Bob Murray (he was made CBE and awarded a kinghood later) had spent years trying to realise his dream of giving Sunderland AFC a state-of-the-art home, and after years of proposals and knock backs, he finally saw light at the end of the tunnel on this day in 1995.
Pressing forward with plans to build a new stadium at the former Wearmouth Colliery site, a huge hurdle had been cleared in August when the Secretary of State for the Environment, John Gummer MP, had ruled that there would be no need for a public enquiry into the proposals. That cleared the way for local approval, and so on the 13th of November the Tyne & Wear Development Corporation gave planning permission for the scheme.
This was the moment Murray had been waiting for, and with the funding already in place and the snags now dealt with he soon pushed ahead. Within 48 hours six companies were invited to tender for the construction contract and the ‘Wearmouth Stadium’ as it was being referred too suddenly started to feel like a very real prospect. A quarter of a century later the ground is a world-renowned venue and a source of pride for many fans, but had the decision gone the other way who knows where the club would be right now?
Aside from that monumental news, the club also confirmed another bit of progress on the same day. Locally based kit suppliers Avec had first announced they were working with Sunderland in April 1994, and after weeks of negotiations an extension to that arrangement was now being made public. Their first designs, plus a subsequent yellow ‘third’ option, had already proven popular, and the agreement meant that SAFC’s strips and training gear would continue to be produced in County Durham for at least another season.
There had admittedly been some concerns when the partnership was first struck; whilst Avec was a sportwear division of the hugely successful parent company Claremont Garments, they were a new player in the market with no track record of success. Claremont had admittedly been a long-term supplier to Marks & Spencer, but Sunderland were the first football team to sign up and so were taking a step into the unknown.
A key figure in the deal had been Avec’s founder Peter Crawford, and it was his reputation perhaps that made the difference. A former managing director at football boots and accessories firm Quaser, he had plenty of experience to fall back on. Not only did he know the business side of things though, but he also knew the game and the club - he had been on the books at Roker as a schoolboy prior to an ankle injury that forced him to quit playing and though he never got to pull one on for real, he would now be overseeing the manufacture of what were to be the final strips of the Roker Park era.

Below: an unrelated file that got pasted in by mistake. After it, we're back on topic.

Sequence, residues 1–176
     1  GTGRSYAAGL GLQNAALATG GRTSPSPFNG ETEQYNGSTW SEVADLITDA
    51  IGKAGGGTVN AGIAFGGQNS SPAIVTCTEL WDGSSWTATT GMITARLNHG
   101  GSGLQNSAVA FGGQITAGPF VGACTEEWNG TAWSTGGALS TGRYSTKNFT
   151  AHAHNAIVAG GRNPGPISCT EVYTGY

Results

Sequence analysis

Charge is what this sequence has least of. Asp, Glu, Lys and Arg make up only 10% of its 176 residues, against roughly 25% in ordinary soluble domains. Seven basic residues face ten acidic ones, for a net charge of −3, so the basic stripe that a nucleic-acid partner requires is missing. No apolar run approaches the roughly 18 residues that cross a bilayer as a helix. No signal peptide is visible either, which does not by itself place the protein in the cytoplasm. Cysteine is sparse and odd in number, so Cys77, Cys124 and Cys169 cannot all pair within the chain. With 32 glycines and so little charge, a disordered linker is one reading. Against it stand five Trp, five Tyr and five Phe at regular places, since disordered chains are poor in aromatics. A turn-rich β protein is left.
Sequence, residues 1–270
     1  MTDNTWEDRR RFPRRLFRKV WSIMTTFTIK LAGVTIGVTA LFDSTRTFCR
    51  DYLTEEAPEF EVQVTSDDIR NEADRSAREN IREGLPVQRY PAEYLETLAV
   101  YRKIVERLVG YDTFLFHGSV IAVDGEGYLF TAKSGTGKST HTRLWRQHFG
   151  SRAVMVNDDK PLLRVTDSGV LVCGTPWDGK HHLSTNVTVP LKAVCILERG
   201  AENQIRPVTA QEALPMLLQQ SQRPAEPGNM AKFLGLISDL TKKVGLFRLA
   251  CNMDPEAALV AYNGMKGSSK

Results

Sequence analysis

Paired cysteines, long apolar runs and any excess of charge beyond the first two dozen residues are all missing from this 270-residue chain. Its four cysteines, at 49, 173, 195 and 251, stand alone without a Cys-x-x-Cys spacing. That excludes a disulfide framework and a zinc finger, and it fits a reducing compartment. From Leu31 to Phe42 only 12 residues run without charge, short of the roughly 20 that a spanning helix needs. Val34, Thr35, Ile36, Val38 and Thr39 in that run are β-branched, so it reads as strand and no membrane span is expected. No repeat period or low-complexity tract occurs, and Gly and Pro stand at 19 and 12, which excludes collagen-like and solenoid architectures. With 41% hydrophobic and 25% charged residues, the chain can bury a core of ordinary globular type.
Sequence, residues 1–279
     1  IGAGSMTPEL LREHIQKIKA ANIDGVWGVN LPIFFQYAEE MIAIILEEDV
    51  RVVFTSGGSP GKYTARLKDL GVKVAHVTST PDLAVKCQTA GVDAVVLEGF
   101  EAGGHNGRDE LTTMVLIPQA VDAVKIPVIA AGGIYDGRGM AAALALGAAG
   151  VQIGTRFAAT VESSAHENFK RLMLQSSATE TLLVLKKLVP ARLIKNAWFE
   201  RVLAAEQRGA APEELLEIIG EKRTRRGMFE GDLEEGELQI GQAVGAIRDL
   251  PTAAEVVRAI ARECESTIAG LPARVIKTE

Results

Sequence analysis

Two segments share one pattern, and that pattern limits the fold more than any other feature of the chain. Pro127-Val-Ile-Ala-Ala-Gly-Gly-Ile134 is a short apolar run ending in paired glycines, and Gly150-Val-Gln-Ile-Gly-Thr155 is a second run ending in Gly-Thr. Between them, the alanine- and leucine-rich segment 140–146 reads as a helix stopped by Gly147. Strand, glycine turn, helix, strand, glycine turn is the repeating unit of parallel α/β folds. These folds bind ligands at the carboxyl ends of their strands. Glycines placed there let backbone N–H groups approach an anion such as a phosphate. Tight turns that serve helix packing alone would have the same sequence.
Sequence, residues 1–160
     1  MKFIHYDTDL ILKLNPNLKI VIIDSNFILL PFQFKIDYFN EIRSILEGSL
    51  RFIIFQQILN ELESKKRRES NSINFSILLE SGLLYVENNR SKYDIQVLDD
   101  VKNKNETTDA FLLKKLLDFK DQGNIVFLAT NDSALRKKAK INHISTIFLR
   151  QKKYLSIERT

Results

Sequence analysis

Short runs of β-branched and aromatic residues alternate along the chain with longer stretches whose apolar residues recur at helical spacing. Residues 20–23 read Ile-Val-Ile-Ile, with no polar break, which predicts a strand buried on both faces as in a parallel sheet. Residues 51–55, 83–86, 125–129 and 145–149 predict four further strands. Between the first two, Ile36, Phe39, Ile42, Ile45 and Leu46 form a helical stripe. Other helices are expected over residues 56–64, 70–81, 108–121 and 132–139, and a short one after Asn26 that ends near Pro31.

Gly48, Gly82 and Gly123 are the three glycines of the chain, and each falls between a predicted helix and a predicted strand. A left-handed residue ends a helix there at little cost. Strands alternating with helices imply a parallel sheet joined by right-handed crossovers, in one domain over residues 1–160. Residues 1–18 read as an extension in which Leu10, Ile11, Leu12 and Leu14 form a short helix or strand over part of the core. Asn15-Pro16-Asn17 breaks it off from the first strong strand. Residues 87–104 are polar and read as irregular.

One of the players that was set to continue gracing the shirt was fan favourite Martin Smith. On the day the club was celebrating its double boost he was turning 21, and the following evening was part of a Football League representative side alongside Michael Gray that took on their Italian counterparts in Huddersfield. He was then back on Wearside in time for the weekend, coming off the bench against Sheffield United as the Lads made it 11 games unbeaten in the league.
To mark their recent news Avec were match sponsors for the game, the Blades having also been another early adopter. Wearing kits from the same source and bearing the logo of Vaux subsidiary Ward’s, the visitors made a half decent impression of Sunderland but were beaten comfortably enough. With the team taking shape under Peter Reid then, a new kit deal that was later reported as setting a record figure secured and now a brand new ground on the horizon, Sunderland were about to start going places…